But the energy budget on a global scale is more the preserve of ‘line by line’ radiative transfer calculations.

      https://en.wikipedia.org/wiki/Radiative_transfer

      • Wrong: most of the signal (>95%) is from theoretical Stefan-Boltzmann using black body sensor temperature. To this is added the primary sensor signal set by the difference between its temperature and that of the emitter(s) in its viewing angle.

        <bThis is the maximum theoretical energy flux, sensor to a perfect black body sink at Absolute Zero.. In no way is it a real flux; that is the difference between up and down signals. For anyone to claim it is a real flux shows their poor scientific training (don’t mean to insult you).

        I have made special 2 colour pyrometers for on-line use in aluminium mills so I am a professional. Furthermore Pyrgeometer sales physicists will point out that only the difference signal is real energy transfer.

        Trenberth and the rest of the climate alchemists are badly wrong, making 4 whopping mistakes in climate models, which must immediately be withdrawn by the IPCC. This story of the failure of science from basic ignorance of its dogmatic supporters is very serious indeed.

      • Yes – it always shows a poor scientific training.

        https://en.wikipedia.org/wiki/Radiative_transfer

        But the line by line radiative transfer models agree with observation with relatively high fidelity and require water vapour and temperature data across the depth of the atmosphere.

        I’m not even sure what signal you are referring to – and it seems a rabbit hole too far for me.

      • What I meant to include here…

      • Alexander Davidson: Wrong: most of the signal (>95%) is from theoretical Stefan-Boltzmann using black body sensor temperature.

        By “signal” I assume you mean calculated outgoing longwave radiation. Is that correct?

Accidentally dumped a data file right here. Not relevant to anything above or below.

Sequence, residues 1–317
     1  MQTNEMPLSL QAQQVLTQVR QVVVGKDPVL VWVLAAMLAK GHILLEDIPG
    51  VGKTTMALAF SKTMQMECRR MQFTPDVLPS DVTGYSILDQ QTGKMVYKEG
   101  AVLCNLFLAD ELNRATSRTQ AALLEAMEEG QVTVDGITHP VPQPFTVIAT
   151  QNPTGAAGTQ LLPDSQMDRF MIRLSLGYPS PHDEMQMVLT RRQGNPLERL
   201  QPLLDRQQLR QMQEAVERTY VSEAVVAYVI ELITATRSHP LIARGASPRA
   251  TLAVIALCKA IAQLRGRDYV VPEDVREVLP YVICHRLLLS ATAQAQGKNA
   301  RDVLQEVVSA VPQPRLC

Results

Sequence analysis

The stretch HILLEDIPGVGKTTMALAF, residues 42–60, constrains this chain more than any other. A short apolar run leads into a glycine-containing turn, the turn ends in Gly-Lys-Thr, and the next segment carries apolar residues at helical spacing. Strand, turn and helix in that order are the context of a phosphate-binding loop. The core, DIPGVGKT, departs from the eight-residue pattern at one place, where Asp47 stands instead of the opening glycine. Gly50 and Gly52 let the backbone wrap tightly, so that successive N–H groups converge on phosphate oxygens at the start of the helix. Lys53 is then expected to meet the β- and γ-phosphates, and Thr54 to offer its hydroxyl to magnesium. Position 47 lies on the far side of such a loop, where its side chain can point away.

What is the magnitude of the approximation error? In my reading (e.g. R. T. Pierrehumbert, “Principles of Planetary Climate”) S-B gives good approximations.

      • SoD supports all te basic physics’ mistakes I have quoted.

      • Will Janoschka

        Robert I. Ellison | October 9, 2017 at 6:58 am
        “I have no doubt that Trenberth has made many mistakes – but this is not one. The instruments have a sensor that measures infrared flux – and to determine absolute flux the temperature of the instrument needs to be known. Nothing particularly startling here. Calibration is to a reference instrument.”

        Indeed! The absolute one way flux is always proportional to the difference in opposing electromagnetic spectral E-field (radiance). To use the magnitude of some E-field as “flux”(physical power transfer, rather than a potential) is a (Cardinal sin) for any direction, frequency, wavelength, polarity, chirality, or parity!

        “But the energy budget on a global scale is more the preserve of ‘line by line’ radiative transfer calculations.”

        Blow off such SCAM! The computer programs based on HiTran, ModTran, or LowTran are never your “radiative transfer calculations” but only atmospheric radiative calculations for high frequency “attenuation” of temporal\spatial “modulation” through the atmospheric mass low pass filter at any wavelength. They were all carefully designed to do only that; at obnoxious cost; for determining limits to atmospheric “seeing over yonder”; never ever for stupid non-existent radiative flux transfer.
        Jimmy Hansen et al. converted this effort into the current nonsense, for financial and political gain by the very few!

        Alexander Davidson | October 9, 2017 at 9:29 am |
        “Wrong: most of the signal (>95%) is from theoretical Stefan-Boltzmann using black body sensor temperature. To this is added the primary sensor signal set by the difference between its temperature and that of the emitter(s) in its viewing angle.”

        I do not comprehend what you are trying to express, but agree such is important. Can you try again from a different POV, without ‘temperature’, please?
        All the best!-will-

      • The energy of a photon can be calculated using the frequency and the Planck constant – the fundamental quantum energy of course. The change in energy of a surface is the difference between the energies of incoming and outgoing photons – and can be measured in IR by a calibrated IR sensor. To estimate the energy being lost from the sensor – and thus the IR flux into the instrument – a modified S-B equation is used requiring that temperature be known.

        As for LBLRTM – http://www.aer.com/science-research/atmosphere/radiative-transfer

        I am very tired of fundamentally flawed narratives from these people when the basic and elementary facts are so relatively well known. Screaming scam so often just makes them look like maroons.

  14. This was all pointed out to you years ago. Wally moved on to removing CO2 from the atmosphere. Why? Hansen:

    • I surmise this might be directed to me from the relentlessly obscurantist JCH. Only because I used the Wally sobriquet.

      I am quite sure however that JCH has little appreciation of Broecker’s wild beast.

      http://web.vims.edu/sms/Courses/ms501_2000/Broecker1995.pdf